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Ageing: Biological Events

Tom Kirkwood
Newcastle University Institute for Ageing
The Continuing Increase in Life Expectancy

UN estimate 2000

UN estimate 1990

UN estimate 1980

Oeppen & Vaupel Science 2002

Declining early/mid-life mortality Declining later-life mortality


Age and Sex Specific Mortality Rates for Humans
What Is Normal Ageing?

Why is the Aged Cell (or Organ)


More Vulnerable to Pathology?
Ageing or Disease?

Osteoporosis

Osteoarthritis

Dementia
What Drives Intrinsic Ageing?

Is intrinsic ageing programmed?

When does intrinsic ageing begin?

Is intrinsic ageing amenable to change?


Survival Under Wild or Protected Conditions

Protected
Survival

Wild

Age
Selection Weakens With Age

Selection
shadow
Survival

Age
DISPOSABLE SOMA THEORY

Protected
Survival

Period of longevity assured by


maintenance and repair

Wild

Age

Kirkwood Nature 1977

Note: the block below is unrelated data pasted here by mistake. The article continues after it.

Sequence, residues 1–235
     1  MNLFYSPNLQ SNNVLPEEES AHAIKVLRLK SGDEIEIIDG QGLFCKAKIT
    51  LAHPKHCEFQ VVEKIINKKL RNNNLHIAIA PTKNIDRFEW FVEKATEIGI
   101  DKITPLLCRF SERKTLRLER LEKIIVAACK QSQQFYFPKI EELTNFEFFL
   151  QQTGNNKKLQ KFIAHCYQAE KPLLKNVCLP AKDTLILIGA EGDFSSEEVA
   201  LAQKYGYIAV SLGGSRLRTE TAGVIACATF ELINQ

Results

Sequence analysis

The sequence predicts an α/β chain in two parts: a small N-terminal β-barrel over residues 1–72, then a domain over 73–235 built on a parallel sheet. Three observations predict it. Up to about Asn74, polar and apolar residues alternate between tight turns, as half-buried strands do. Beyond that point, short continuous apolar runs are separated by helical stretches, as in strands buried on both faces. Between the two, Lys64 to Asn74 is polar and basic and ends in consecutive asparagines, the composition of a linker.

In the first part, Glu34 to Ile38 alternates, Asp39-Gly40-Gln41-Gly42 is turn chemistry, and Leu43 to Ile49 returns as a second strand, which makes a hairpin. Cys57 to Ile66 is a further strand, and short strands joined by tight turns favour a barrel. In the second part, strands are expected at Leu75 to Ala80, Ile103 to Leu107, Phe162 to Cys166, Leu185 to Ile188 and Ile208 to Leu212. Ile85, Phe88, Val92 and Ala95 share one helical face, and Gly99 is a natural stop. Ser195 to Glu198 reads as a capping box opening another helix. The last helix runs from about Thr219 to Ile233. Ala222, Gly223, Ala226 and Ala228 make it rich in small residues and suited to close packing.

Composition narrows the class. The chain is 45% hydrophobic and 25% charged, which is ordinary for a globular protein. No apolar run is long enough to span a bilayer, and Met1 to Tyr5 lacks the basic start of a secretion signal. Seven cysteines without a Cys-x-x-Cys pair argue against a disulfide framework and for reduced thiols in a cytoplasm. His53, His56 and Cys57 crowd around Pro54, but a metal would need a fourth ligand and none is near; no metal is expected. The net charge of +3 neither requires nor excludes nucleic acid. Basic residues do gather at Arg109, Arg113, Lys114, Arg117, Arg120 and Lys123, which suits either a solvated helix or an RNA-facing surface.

Ageing – Historically a Rarity, Now Routine

1900

20 40 60 80 Age

2000

Differences in survival using death rates from


Registrar-General of England & Wales for
1900 (blue) and 2000 (pink)
Implications of the Evolutionary Theories of Ageing

There is no genetic program for ageing. We age


because in our evolutionary past it would have been
too expensive to build a body that might last for ever.

 Aging is caused primarily by damage.


 Longevity is regulated by resistance/repair.

 Multiple mechanisms.
 Inherently stochastic (influenced by chance).
The Ageing Process
Functional Impairments in Organs and Tissues leading to
Age-related Frailty, Disability, and Disease

Accumulation of Cellular
Defects

Random Molecular Damage


Damage Accumulates From Day One
Each cell division is accompanied by
inevitable somatic mutation

SAM

Age-Related Increase in
Frequency of Hprt
WT
Mutations in Mice
Odagiri et al Nat Genet 1998
Oxygen as a Potent Source of
Molecular Damage
 Reactive oxygen species (‘free radicals’) are
formed as by-products of energy generation
within the mitochondria.

 Free radicals damage multiple targets within


the cell, including the DNA within the cell
nucleus and mitochondria.

 Mutant mitochondria impair the cell’s ability to


make the energy it needs in order to function.
Mitochondrial Mutations in Ageing Tissue

Taylor et al J Clin Invest 2003


Greaves et al Aging Cell 2011
Abnormal Protein Aggregation in Aging Brain
Telomere Erosion, Stress and Health

•Telomeres protect chromosome ends – they shorten with